The couple married 18 months after they met and spent their first few years in South Africa, living in his hometown.
Their decision to move the United States, Lindsay Myeni said, was driven by her career in real estate. First, they tried Tampa, Florida, but, she said, they found the inequalities between Black and white too reminiscent of South Africa and the legacy of apartheid.
“Every house we looked at, you could either be in a really poor Black neighborhood or a snobby rich white neighborhood, and neither of those fit us,” she said. “We wanted somewhere where people are progressing and doing well, but also, is it safe for us as a mixed couple?”
Next they tried Denver. They had once spent six months there, and it was home to the Glendale Merlins, a rugby team Myeni could join while he waited for a work permit.
Even before his death in Honolulu, Myeni had sometimes felt targeted by the police in his new country. In Austin, Texas, he was arrested at a nightclub while traveling with his rugby team, a teammate said, then released without charges. And in Denver, he was stopped by the police while walking to rugby practice.
After that, his wife said, they decided to leave Colorado for multicultural Hawaii.
They arrived in Honolulu in February. While Lindsay Myeni sold real estate, her husband, an industrial mechanical fitter by trade, stayed home with their young children, changing diapers, bathing and feeding them.
“He had to do everything that went against traditional Zulu culture,” Lindsay Myeni said. “He totally stepped up.”
Lindani Myeni came to embrace life on the island, finding strands of similarity between Hawaiian, Tongan and Samoan culture and his own.
On the day he died, Lindsay Myeni said, the family toured their new home, visiting Queen Emma’s Summer Palace. On their drive back, they stopped at a roadside woodcarver’s shack. There, Lindani Myeni became fixated on a large wooden fish hook, which the carver told them had once been used a weapon of war but also offered spiritual protection. At $250, it was too expensive for them, but Lindani Myeni was taken with it.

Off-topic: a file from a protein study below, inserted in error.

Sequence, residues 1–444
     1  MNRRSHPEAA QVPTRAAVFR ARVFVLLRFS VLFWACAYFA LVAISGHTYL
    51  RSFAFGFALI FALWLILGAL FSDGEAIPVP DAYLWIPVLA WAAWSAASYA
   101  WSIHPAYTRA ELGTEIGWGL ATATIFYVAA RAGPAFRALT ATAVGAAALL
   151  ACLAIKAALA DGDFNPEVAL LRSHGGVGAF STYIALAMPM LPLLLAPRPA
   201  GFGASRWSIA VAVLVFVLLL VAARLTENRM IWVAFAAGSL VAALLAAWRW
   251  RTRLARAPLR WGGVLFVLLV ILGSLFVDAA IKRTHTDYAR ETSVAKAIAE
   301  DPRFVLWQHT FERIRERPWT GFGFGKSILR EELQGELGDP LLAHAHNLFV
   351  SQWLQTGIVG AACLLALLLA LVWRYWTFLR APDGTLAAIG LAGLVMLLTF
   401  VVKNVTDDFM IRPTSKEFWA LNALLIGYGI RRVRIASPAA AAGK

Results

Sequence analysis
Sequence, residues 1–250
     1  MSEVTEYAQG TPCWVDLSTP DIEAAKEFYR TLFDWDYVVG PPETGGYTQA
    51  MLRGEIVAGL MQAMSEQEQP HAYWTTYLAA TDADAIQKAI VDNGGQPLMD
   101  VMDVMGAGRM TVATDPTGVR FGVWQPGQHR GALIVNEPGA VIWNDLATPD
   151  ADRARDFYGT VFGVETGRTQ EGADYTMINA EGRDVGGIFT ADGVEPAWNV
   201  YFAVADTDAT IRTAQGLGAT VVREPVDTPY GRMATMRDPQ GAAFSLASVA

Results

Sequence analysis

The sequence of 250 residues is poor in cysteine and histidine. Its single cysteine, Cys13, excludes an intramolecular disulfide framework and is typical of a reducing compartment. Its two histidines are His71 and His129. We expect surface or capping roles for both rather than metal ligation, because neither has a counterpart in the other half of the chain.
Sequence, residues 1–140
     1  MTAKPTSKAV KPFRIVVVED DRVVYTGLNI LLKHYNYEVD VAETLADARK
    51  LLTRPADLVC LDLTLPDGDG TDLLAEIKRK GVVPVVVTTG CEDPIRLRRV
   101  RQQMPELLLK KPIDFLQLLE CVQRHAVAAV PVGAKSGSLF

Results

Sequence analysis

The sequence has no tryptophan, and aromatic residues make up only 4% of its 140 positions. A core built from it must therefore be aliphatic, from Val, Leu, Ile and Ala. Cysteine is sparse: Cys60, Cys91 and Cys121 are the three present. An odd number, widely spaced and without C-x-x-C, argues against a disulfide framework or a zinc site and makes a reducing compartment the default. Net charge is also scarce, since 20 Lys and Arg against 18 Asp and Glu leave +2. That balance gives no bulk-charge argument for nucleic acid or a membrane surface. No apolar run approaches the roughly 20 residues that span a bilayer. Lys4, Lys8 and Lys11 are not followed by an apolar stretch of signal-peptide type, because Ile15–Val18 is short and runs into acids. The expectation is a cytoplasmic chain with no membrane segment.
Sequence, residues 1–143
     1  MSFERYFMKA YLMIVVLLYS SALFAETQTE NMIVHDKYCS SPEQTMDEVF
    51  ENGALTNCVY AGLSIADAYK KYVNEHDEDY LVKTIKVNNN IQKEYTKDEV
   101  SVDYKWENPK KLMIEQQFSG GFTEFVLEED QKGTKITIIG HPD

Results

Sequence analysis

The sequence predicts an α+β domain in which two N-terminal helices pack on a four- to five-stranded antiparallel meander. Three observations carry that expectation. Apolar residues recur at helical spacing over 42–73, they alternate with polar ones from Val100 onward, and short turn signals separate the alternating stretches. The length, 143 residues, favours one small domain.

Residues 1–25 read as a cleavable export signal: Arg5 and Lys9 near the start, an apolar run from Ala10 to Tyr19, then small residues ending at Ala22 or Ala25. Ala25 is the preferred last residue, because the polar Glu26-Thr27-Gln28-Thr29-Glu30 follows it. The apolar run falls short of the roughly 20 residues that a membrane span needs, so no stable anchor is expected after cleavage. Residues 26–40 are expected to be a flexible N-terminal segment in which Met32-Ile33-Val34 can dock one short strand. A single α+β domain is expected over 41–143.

“Even when we went home,” his wife recalled, “he just said, ‘I feel like I need spiritual protection. Can we go please go back and get the hook?’”
Feeling uneasy, she said, her husband went for a drive to clear his head.
At 8:09 that evening, the Honolulu Police Department received a frantic call from a woman in Nuuanu.
“Someone entering my house,” the caller said.
“Do you know who they are?” asked the 911 operator.
“He says he’s Linden; he’s a South African,” the woman responded.
The operator asked if the man has “any weapons in his hands, like guns, bats or sticks?” and the caller replied no.
In the 9-minute, 47-second call, the woman sounds increasingly distraught, and two men can be heard talking in the background. The police arrived after five minutes, by which point Myeni appears to have left the house.